Most VXes one finds these days have a vacuum-operated fuel petcock with just two postions, ON and RES. There is no off position. Most modern petcocks are designed so that if the engine is not running (i.e. no vacuum) then fuel will not flow. This means you don't have to remember to shut off the fuel manually when you stop. Many bikes also have a "PRIME" position, which overrides the vacuum disable, since otherwise starting can be difficult with no fuel in the carburetor float bowls. The VX does not have this feature.
But the first models (or possibly all years) of the VX had a more traditional ON/OFF/RES petcock (with OFF in between ON and RES). Apparently there were enough complaints about fuel in the cylinders that the upgrade to the vacuum petcock was done as a "customer satisfaction" upgrade, and retrofitted to most bikes. Apparently the knob isn't keyed on the shaft, because it was apparently fairly common for the knob to be put on backwards after the upgrade, causing the ON and RES indications to be reversed. When correctly installed on a vacuum petcock, turning the knob clockwise should move you from ON to RES. If yours turns the other way, your RES setting won't work.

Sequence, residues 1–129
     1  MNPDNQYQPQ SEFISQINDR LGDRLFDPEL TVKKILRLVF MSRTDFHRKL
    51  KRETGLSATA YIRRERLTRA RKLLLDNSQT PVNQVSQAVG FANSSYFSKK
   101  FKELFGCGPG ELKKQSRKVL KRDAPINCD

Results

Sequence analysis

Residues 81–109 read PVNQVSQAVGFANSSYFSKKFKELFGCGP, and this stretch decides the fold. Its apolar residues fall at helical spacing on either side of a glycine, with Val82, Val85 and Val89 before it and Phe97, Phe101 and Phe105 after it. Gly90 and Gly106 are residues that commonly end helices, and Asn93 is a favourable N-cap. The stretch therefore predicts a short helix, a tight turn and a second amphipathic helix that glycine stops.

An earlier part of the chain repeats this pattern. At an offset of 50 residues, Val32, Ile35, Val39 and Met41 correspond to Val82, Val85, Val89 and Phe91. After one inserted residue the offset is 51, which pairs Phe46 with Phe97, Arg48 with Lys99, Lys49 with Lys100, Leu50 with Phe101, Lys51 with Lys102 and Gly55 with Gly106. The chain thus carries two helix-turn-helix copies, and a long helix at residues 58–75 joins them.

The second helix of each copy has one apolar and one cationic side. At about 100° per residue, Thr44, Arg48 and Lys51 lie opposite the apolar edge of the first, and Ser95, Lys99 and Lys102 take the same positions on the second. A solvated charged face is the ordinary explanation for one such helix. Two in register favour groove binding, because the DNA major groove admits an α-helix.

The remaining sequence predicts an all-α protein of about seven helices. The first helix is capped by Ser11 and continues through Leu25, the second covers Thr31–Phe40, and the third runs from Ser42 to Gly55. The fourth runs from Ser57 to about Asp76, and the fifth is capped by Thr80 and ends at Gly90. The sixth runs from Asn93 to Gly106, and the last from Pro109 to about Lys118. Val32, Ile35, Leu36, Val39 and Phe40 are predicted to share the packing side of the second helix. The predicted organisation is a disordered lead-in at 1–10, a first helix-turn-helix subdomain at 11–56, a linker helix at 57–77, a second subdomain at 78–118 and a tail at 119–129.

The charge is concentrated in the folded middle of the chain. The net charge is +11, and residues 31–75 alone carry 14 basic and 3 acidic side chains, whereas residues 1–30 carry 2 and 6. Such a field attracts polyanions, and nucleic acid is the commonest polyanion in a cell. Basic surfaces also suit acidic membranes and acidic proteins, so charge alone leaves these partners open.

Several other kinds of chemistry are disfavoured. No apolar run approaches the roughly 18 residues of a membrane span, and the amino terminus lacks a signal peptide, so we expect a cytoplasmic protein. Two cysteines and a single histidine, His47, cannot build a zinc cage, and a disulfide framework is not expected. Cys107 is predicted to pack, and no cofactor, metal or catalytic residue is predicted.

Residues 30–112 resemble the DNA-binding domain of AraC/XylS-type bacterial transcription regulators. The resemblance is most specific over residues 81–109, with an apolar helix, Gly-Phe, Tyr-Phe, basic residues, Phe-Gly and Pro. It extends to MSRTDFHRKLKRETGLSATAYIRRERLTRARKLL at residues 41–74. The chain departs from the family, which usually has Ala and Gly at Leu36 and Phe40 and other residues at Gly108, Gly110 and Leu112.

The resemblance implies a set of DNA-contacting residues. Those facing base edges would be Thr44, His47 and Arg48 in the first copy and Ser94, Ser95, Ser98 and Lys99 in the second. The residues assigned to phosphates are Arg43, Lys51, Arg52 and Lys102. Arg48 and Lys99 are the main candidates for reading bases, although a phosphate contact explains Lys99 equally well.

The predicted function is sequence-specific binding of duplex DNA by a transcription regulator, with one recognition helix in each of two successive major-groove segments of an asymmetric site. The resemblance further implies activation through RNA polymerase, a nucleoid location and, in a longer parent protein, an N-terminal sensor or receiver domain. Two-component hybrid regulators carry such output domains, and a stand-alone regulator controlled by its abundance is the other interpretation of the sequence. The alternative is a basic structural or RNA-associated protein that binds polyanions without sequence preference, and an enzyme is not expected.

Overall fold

The Suzuki number for the petcock replacement kit, if you dealer can't seem to find it, is 44300-45810.
Be warned that the vacuum line for the fuel valve plugs into a vacuum outlet which was originally used just for doing carb balancing. If you disconnect it to hook up the carb balancer, the fuel petcock will stay closed, and your engine won't run. You'll need to make a T adapter for the vacuum line, or run from a different fuel source,
There have been several reports of a nonfunctional "reserve". This allows all the fuel in the tank to be used with the petcock set to "ON". Then when the petcock is turned to "reserve", there is no fuel left in the tank. So far the people affected on the mailing just live with it and keep closer tabs on the fuel level. [ Anyone found a fix? -pgf ]
The only warning I've heard regarding the VX brakes is this, from Rob Opiela (paraphrased from a couple of mail messages):